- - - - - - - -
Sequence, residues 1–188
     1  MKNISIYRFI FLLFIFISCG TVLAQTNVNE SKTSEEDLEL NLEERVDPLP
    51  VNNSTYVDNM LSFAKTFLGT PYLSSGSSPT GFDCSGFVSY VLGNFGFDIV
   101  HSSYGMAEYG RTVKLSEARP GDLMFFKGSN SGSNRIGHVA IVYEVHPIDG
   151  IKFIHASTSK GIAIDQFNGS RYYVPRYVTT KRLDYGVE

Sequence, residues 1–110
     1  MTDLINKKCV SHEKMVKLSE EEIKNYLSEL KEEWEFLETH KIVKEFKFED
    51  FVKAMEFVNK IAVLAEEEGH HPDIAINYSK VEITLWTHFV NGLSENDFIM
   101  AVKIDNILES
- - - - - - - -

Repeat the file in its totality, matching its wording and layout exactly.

Sequence, residues 1–188
     1  MKNISIYRFI FLLFIFISCG TVLAQTNVNE SKTSEEDLEL NLEERVDPLP
    51  VNNSTYVDNM LSFAKTFLGT PYLSSGSSPT GFDCSGFVSY VLGNFGFDIV
   101  HSSYGMAEYG RTVKLSEARP GDLMFFKGSN SGSNRIGHVA IVYEVHPIDG
   151  IKFIHASTSK GIAIDQFNGS RYYVPRYVTT KRLDYGVE

Sequence, residues 1–110
     1  MTDLINKKCV SHEKMVKLSE EEIKNYLSEL KEEWEFLETH KIVKEFKFED
    51  FVKAMEFVNK IAVLAEEEGH HPDIAINYSK VEITLWTHFV NGLSENDFIM
   101  AVKIDNILES